The Canal-Boat Bridge (part 3): a Rare Sketch by an Iron Brigade Soldier, and the Editorial Bombardment that Transformed It


from: Harrison

In the late fall of 1862, as the opposing armies converged on Fredericksburg, editors in distant offices scrambled for background material on the town. The staff of Harper’s Weekly dug into a small, unused archive of eyewitness sketches made during the previous spring and summer, and from those created a montage that appeared in the issue of December 6, 1862, five days prior to the opening of the battle and the artillery bombardment of the town:

    
While researching an earlier blog post, I had learned of the spring/summer origins of the December 6 montage, and that most of its component woodcuts were based on (presumably lost) sketches by Henry Didiot, a soldier in the Sixth Wisconsin Infantry of the famed Iron Brigade. Not long after his sketching at Fredericksburg, Didiot fell at the Battle of Brawner’s Farm on August 28, 1862.

The woodcut montage of his sketches published posthumously on December 6 included a fairly nondescript picture, below, of “Wrecks of Steamers burned by the Rebels.” The view looks east across the Rappahannock River where it widens into Fredericksburg’s small harbor, and from the town wharves towards Ferry Farm and its namesake ferry landing in Stafford County. (The Ferry Farm buildings at center-right horizon postdated and occupied the general area of the site of George Washington’s boyhood home, which was itself in ruins by the 1830’s.)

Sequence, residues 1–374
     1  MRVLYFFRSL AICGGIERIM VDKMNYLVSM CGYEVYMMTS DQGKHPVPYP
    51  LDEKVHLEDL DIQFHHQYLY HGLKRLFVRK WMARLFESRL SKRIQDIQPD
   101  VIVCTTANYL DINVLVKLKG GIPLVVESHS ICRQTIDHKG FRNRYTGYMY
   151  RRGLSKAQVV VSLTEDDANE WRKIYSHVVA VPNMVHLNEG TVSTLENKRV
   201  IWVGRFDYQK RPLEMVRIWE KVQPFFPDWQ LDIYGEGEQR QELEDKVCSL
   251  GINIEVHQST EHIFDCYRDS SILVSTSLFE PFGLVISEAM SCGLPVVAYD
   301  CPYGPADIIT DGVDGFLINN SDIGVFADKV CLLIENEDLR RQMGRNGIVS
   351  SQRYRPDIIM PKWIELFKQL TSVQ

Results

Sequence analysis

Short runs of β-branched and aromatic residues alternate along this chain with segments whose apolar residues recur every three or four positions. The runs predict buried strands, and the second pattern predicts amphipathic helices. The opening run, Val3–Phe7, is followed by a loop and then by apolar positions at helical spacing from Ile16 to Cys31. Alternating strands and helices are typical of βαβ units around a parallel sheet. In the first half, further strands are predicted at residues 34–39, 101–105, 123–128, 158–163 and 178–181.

Until last night, when I spotted the sketch, below, on the website of the Museum of Fine Arts in Boston, I was unaware that any of Didiot’s original drawings had survived. Equally important, the sketch offers a contrast that shows how Harper’s editors had subjected it to a fairly severe artistic bombardment when creating “Wrecks of Steamers”–the woodcut version. Although unattributed on the Museum’s website, the sketch’s original caption—“Canal Boat Bridge across the Rappahannock,” “Built by Co I 6th Reg. Wis. Vol./ in one day…Sketched by Henry [illegible]…”— and basic design clearly connect it to Didiot and, in turn, to the heavily modified woodcut.

In accordance with the Museum’s posted policy on fair-use of materials in educational, non-profit venues, I include the sketch here, at the same magnification made available by the Museum online:

Credit: WWW.MFA.ORG. Museum of Fine Arts, Boston. Gift of Maxim Karolik for the M. and M. Karolik Collection of American Watercolors and Drawings, 1800–1875. Accession number: 55.840.

 

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Beyond the slave crossing image: the rest of the scene at Rappahannock Bridge–an army in motion amidst dust, August 19, 1862


From John Hennessy: